Another way loneliness can be deadly is how it affects the immune system. Several studies have shown a link between loneliness and abnormalities in monocyte levels in the body. Monocytes are white blood cells that help to defend the body against infection. Social isolation impacts the ability of the monocytes to develop fully. Consequently, rather than fight off infection, the immature monocytes decrease immune function.

Loneliness and Seniors Health-Related Behaviors

Social connection or a lack thereof may also have an impact on health-related behaviors such as smoking, diet, sleep patterns, substance use, and exercise. These impacts can be both positive and negative. Loneliness and isolation have been associated with levels of use (including relapse or cessation) of tobacco and alcohol. For instance, if someone’s social circle begins to shrink or contact with family and friends begins to wain as they age, they may turn to substances such as alcohol or tobacco to cope. On the other hand, the pull of alcohol or tobacco may reduce if one’s isolation or loneliness is diminished. Evidence specifically related to studies regarding the connection between isolation and health-related behaviors has shown that seniors who are lonely or isolated are more likely to have less healthy behaviors such as smoking, heavy alcohol use, lack of physical activity, and poor diet.

Contact Baxter Senior Living Today

Unfortunately for some communities, loneliness and seniors’ are all too common challenges faced by too many. The issues (medical, emotional, and physical) that can result from chronic depression are far too often overlooked but demand attention and acknowledgment for their potentially dangerous, life-altering effects. Thousands of studies have been conducted around the impact of loneliness and isolation on senior members of the population. The overwhelming majority of this evidence-based clinical research links chronic loneliness and isolation to a host of health-related impacts, some of which can lead to an early death. Some of the difficulties related to loneliness and isolation can be alleviated through the benefits of senior living communities like Baxter Senior Living in Anchorage, Alaska. As we age, living alone can lead to a host of challenges, of which isolation and loneliness fall high on the list.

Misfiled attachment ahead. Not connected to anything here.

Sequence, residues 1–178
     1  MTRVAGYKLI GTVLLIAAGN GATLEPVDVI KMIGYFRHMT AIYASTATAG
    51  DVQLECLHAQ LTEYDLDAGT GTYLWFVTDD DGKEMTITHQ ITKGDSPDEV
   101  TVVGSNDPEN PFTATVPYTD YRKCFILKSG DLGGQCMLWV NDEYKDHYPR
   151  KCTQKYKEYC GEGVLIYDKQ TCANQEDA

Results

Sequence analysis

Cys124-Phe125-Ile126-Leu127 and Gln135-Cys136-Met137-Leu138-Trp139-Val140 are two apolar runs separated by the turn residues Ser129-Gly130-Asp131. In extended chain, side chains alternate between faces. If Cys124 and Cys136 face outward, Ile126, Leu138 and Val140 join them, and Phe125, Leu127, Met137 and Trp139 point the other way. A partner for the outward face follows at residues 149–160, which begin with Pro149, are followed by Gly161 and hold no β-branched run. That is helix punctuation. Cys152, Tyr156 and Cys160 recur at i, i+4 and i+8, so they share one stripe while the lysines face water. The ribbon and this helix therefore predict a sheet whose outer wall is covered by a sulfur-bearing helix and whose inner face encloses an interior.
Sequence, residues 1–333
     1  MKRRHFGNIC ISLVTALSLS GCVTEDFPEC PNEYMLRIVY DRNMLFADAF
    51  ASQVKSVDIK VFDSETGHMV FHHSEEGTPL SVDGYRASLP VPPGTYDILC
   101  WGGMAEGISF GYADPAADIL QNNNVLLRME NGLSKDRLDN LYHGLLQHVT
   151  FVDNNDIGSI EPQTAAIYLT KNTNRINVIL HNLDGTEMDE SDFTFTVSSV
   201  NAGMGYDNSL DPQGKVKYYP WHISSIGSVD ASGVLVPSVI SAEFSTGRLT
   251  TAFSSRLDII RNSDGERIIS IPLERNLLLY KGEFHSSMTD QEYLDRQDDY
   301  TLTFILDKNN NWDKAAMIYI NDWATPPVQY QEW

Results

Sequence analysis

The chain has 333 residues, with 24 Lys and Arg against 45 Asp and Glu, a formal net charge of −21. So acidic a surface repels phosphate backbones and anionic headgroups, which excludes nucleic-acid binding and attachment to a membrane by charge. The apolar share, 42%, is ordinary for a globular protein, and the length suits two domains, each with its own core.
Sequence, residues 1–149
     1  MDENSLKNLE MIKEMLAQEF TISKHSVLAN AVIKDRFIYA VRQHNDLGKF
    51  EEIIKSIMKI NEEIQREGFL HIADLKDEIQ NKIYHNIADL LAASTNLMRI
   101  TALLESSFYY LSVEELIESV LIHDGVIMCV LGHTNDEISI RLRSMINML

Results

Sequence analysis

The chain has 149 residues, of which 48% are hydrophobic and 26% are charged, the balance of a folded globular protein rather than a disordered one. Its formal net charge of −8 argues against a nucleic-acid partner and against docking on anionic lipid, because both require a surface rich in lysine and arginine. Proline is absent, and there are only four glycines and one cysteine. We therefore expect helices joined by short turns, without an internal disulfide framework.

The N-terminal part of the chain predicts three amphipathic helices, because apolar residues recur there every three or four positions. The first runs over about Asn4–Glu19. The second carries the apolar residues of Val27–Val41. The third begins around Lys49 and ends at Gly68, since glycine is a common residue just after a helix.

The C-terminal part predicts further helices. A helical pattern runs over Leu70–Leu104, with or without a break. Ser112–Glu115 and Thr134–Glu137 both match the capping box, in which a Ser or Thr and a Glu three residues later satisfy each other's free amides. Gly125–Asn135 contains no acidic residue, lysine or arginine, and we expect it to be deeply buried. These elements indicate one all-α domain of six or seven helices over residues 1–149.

At Baxter Senior Living, we understand how social isolation affects mental health. We acknowledge the critical role involvement in social circles, group activities, and community interaction plays in embracing a healthy mindset. We prioritize helping our Alaskan residents maintain physical and emotional health throughout all stages in life. If you think a senior community in Anchorage, Alaska, may be the right choice for your senior loved one, contact Baxter Senior Living today.